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Besieged by beneficence: Love, justice and the autonomous self

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  • Introduction: Socrates' admonition about excessive and inaccurate praise of love is more instructive today than ever. Unlike Kant's notion of good will, for example, love itself cannot be seen as an unqualified good, as something that shines purely and perfectly irrespective of the interests it serves. Yet, as the pace of our lives becomes ever more hectic, and as we have increasingly embraced the task of creating or choosing our lives with originality and autonomy rather than simply participating in well defined traditional roles, we have also increasingly invested in love as the way to meaning and fulfilment. Love has come to be perceived as the way out of exhaustion and disillusionment back to enthusiasm and enchantment. Love relationships are the context in which many of us struggle most passionately toward authenticity and connection in our lives. Carrying the weight of so many of our expectations, love comes to claim for itself a powerful justificatory force. Indeed, in attributing \"every species of greatness and glory\" to love, we sometimes go so far as to assume that all that is loving is, for that reason, good and that all action motivated by love is, for the same reason, defensible or at least excusable. Further, in giving love \"every imaginable form of praise\", we are sometimes even compelled to invest it with the qualities of other valued ideals, such as justice, and to conclude that all that is loving is, for that reason, also just. This essay looks at the strong connections drawn between love and justice in the film Besieged directed by Bernardo Bertolucci and written by Bertolucci and Clare Peploe. It argues that while the story in Besieged puts forward a compelling version of love as humble beneficence, we should be slow to presume this conception of love has either self-evident ethical legitimacy or a strong structural relationship to the ideal or the idea of justice.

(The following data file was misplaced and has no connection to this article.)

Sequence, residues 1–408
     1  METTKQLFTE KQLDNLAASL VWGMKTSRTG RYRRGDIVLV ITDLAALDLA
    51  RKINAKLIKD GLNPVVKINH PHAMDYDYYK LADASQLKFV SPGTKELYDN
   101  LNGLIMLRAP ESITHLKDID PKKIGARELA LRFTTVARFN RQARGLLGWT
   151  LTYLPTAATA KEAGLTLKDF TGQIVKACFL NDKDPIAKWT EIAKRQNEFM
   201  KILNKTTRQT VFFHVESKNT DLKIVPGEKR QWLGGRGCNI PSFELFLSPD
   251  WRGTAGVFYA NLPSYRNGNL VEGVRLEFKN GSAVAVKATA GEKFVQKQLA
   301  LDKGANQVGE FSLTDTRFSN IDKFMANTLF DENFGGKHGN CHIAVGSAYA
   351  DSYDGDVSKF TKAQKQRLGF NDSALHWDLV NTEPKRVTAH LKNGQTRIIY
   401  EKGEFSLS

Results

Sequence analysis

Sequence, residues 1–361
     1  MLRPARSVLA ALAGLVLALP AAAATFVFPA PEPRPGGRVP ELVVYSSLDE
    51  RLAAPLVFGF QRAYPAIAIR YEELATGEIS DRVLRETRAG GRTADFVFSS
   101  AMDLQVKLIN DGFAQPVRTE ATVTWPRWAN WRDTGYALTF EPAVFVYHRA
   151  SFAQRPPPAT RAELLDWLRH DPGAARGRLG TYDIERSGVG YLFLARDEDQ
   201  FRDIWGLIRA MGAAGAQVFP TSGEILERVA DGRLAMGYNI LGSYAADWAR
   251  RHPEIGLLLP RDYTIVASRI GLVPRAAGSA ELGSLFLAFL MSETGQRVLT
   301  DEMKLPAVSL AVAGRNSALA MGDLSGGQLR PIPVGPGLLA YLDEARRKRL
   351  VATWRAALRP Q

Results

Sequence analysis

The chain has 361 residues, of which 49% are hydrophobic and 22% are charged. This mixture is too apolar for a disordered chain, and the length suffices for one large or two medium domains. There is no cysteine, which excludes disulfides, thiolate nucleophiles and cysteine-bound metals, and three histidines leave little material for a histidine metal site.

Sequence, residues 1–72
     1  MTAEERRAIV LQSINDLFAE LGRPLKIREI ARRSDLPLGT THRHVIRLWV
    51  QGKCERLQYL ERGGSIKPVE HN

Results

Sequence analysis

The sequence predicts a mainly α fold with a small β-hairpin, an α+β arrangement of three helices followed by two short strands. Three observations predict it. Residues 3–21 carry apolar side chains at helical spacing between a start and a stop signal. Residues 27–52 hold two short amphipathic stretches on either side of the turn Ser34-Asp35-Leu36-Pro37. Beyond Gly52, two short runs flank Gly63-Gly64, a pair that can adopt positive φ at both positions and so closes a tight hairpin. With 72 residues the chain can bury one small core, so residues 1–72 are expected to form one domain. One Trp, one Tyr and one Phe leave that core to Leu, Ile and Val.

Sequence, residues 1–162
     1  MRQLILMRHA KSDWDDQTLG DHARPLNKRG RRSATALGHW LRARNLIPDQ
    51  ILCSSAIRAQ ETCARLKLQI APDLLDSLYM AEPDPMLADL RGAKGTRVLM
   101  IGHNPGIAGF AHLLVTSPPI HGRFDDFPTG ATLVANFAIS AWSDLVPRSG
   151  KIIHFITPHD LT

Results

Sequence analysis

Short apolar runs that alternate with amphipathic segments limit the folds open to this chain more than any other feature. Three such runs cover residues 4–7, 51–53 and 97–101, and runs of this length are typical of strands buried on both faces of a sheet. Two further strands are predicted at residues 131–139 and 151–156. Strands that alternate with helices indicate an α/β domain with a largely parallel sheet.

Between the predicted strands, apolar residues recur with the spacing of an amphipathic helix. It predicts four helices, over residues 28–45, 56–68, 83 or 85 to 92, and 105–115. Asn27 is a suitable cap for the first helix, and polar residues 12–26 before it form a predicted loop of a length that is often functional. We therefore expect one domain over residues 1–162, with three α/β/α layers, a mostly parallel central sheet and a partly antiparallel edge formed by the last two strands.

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    Article (Published)
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    © 2000 Annalise Acorn et al. This version of this article is open access and can be downloaded and shared. The original author(s) and source must be cited.
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    • Acorn, A. (2000). Besieged by beneficence: Love, justice and the autonomous self. Saskatchewan Law Review, 63(1), 69-86. Retrieved from
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